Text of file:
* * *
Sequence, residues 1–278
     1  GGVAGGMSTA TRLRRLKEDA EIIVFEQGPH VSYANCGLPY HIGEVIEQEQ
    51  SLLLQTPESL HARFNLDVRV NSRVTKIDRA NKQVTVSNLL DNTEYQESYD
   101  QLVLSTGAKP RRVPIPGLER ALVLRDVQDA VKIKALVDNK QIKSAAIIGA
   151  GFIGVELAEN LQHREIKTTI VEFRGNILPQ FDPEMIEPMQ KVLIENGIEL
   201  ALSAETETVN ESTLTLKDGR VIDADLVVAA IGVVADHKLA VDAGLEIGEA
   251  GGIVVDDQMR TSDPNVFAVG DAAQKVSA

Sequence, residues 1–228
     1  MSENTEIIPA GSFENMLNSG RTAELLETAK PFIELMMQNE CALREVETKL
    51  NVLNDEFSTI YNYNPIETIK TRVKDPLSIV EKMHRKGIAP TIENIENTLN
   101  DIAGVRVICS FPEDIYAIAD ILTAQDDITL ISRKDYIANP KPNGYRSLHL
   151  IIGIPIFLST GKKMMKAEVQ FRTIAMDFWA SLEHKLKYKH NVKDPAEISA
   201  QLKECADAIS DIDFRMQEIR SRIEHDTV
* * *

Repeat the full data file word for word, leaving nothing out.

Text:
Sequence, residues 1–278
     1  GGVAGGMSTA TRLRRLKEDA EIIVFEQGPH VSYANCGLPY HIGEVIEQEQ
    51  SLLLQTPESL HARFNLDVRV NSRVTKIDRA NKQVTVSNLL DNTEYQESYD
   101  QLVLSTGAKP RRVPIPGLER ALVLRDVQDA VKIKALVDNK QIKSAAIIGA
   151  GFIGVELAEN LQHREIKTTI VEFRGNILPQ FDPEMIEPMQ KVLIENGIEL
   201  ALSAETETVN ESTLTLKDGR VIDADLVVAA IGVVADHKLA VDAGLEIGEA
   251  GGIVVDDQMR TSDPNVFAVG DAAQKVSA

Sequence, residues 1–228
     1  MSENTEIIPA GSFENMLNSG RTAELLETAK PFIELMMQNE CALREVETKL
    51  NVLNDEFSTI YNYNPIETIK TRVKDPLSIV EKMHRKGIAP TIENIENTLN
   101  DIAGVRVICS FPEDIYAIAD ILTAQDDITL ISRKDYIANP KPNGYRSLHL
   151  IIGIPIFLST GKKMMKAEVQ FRTIAMDFWA SLEHKLKYKH NVKDPAEISA
   201  QLKECADAIS DIDFRMQEIR SRIEHDTV